‘Shrinking’ is a feel-good comedy about grief

‘Shrinking’ is a feel-good comedy about grief

Jason Segel and Harrison Ford star in the Apple TV series about a widowed therapist, from the producers of Ted Lasso.

Screen Shot 2021-03-25 at 12.14.54 PM

A good laugh or a good cry — not every show makes you choose. After driving millions of viewers into “laughter through tears” territory with Ted Lasso, executive producer Bill Lawrence and star/writer/co-EP Brett Goldstein deliver more emotion-soaked humor with the Apple TV series Shrinking, a funny, brainy grief-com about the power — and dangers — of radical honesty.

Jimmy (Jason Segel) is a mess, and has been since his wife, Tia (Lilian Bowden), died unexpectedly a year ago. He spends his nights sublimating the pain with booze and pills, leaving his also-grieving teen daughter, Alice (Lukita Maxwell), to be parented by his blunt next-door neighbor, Liz (Christa Miller). During the day, a fried and hungover Jimmy heads to work at the Cognitive Behavioral Therapy Center, where he struggles to stay engaged as his regular patients recite their regular complaints. Exhausted and pushed to the limits of decorum by a woman (SNL‘s Heidi Gardner) who’s forever making excuses for her emotionally abusive husband, Jimmy erupts. “Just f—ing leave him!” To his surprise, it works. Despite warnings from his methodical boss Paul (Harrison Ford) and newly divorced colleague Gabby (Jessica Williams), Jimmy decides to continue his “psychological vigilante” approach with his newest patient, Sean (Luke Tennie), a military vet who keeps getting into violent altercations with strangers.

Jimmy and Sean’s “two broken people helping each other heal” arc serves as Shrinking‘s narrative centerpiece, but the show connects a variety of characters in nimble ways. After determining to clean up his act, Jimmy reconnects with his best friend, Brian (Michael Urie, reliably hilarious), a lawyer who, we later learn, has been trying to help Paul with his estate planning for years. But Paul has yet to tell his estranged daughter, Meg (Lily Rabe), the truth about his ailing health — instead, he’s trying to keep Jimmy from ruining his relationship with Alice by counseling her on the sly. Alice, meanwhile, bonds with Sean over their similar reservoirs of tamped-down despair. As she navigates the single life again, Gabby finds a sympathetic ear in Liz, whom she previously wrote off as “such a mom.”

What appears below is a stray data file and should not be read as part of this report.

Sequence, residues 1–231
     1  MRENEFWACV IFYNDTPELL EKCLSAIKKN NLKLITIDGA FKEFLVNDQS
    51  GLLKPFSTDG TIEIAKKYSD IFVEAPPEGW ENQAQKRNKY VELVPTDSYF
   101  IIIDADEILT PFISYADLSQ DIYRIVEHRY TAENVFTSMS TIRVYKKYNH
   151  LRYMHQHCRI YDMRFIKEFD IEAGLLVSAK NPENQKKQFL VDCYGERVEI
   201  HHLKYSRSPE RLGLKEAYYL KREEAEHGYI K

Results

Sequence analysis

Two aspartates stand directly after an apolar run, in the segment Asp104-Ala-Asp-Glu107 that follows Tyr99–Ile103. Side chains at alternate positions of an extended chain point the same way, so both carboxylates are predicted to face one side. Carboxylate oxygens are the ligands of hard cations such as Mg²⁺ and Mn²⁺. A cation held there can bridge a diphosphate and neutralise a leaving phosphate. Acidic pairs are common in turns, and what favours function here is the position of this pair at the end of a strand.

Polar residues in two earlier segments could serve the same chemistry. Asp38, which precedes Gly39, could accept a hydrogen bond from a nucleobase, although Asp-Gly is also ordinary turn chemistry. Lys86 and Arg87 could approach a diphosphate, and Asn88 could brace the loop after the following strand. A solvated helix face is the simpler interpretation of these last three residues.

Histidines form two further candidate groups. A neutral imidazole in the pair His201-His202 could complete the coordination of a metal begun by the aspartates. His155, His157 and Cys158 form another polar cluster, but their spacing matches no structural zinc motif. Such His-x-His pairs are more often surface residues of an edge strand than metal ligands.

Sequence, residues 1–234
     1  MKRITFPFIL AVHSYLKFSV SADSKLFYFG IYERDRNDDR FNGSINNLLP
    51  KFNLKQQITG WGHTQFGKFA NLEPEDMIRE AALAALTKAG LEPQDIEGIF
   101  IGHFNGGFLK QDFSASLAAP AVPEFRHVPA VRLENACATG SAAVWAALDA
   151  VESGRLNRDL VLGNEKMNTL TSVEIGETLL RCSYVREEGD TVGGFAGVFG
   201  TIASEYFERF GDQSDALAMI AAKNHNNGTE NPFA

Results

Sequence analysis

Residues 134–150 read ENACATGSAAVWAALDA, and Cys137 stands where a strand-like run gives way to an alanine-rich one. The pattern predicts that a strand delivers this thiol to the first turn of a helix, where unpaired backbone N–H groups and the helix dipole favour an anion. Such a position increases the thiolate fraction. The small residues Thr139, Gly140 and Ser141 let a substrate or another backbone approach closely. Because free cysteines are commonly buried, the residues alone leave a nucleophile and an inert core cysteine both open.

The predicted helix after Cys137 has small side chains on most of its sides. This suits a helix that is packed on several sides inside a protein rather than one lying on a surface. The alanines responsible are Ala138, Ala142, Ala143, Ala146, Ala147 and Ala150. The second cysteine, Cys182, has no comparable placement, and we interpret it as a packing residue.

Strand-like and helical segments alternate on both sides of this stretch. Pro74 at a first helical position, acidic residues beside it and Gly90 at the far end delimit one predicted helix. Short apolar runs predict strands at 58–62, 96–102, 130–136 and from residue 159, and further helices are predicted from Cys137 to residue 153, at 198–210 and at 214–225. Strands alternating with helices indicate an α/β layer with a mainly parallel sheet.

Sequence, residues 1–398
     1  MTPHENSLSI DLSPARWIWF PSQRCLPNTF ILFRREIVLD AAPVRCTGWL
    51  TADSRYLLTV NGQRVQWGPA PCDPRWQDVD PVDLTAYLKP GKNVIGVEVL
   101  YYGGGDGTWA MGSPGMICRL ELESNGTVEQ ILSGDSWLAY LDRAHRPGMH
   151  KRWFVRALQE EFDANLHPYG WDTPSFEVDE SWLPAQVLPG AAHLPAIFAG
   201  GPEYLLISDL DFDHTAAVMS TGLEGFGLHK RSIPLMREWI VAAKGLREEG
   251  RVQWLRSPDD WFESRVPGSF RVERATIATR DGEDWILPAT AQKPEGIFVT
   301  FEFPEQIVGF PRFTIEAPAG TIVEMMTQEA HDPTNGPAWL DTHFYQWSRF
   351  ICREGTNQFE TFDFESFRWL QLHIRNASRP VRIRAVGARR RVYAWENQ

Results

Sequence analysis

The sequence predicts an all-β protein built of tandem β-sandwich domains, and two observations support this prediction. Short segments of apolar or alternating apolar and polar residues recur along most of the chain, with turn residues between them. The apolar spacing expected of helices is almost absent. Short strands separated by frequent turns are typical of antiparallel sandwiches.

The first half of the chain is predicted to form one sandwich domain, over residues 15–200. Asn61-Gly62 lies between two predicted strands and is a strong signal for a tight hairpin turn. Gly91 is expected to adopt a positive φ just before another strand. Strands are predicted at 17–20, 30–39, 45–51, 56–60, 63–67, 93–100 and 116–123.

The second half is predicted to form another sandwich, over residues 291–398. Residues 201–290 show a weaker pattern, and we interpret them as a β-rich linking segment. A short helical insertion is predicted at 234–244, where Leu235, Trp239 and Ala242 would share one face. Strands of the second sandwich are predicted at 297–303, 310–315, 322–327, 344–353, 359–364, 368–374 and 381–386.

Shrinking Harrison Ford and Lukita Maxwell

Harrison Ford and Lukita Maxwell in ‘Shrinking’

| Credit: Beth Dubber/Apple TV .

Segel, who created Shrinking with Lawrence and Goldstein, has crafted the perfect character for his comedic strengths. Jimmy is almost pathologically flustered, alternating between overbearing enthusiasm and awkward, under-the-breath asides (“I see what I’m doing with my body, I’ll stop, it’s weird”). Segel excels at fidgety physical comedy, and the actor engenders a self-aware sweetness throughout Jimmy’s rocky path to healing. Harrison is an absolute freaking delight as Phil. The 80-year-old icon seems to revel in this curmudgeon phase of his career, and it’s never not funny to hear the actor grumble lines like, “Why do you have so many scrunchies on your lamp?” in his gruff and gravelly baritone. The aforementioned scrunchies belong to Gabby, played with vivacious confidence by Williams.

Though there are some similarities to Ted Lasso — the effusive and unorthodox protagonist, the compassion-centered comedy and heart-swelling moments of melancholy — Shrinking establishes itself as a distinct entity. The show generates the most joy when it lets the extraordinary ensemble pair up in new combinations: Urie bouncing his spirited, quip-machine energy off Harrison’s brusque disdain; Williams and Miller developing Gabby and Liz’s relationship from confrontational clap-backs to conspiratorial pals. And we haven’t even gotten to Ted McGinley — exuding carefree charm as Liz’s put-upon but perpetually pleasant husband — or all-star guests like Neil Flynn and Wendie Malick. 

Like Lasso, Shrinking sometimes heightens the drama unnecessarily in an effort to force an emotional climax, and two characters enter into an ill-conceived romantic entanglement during the second half of the 10-episode season. But this is a promising and unique venture, blending highbrow (shout-out to Carl Jung!) and lowbrow (projectile vomit humor!). The sharp writing offers poignant feels, and the cast seems up for anything. Trust me: Watching Harrison Ford sing his heart out to Sugar Ray is therapeutic. Grade: B

The first two episodes of Shrinking premiere Friday, Jan. 27 on Apple TV .

Related content:

Read More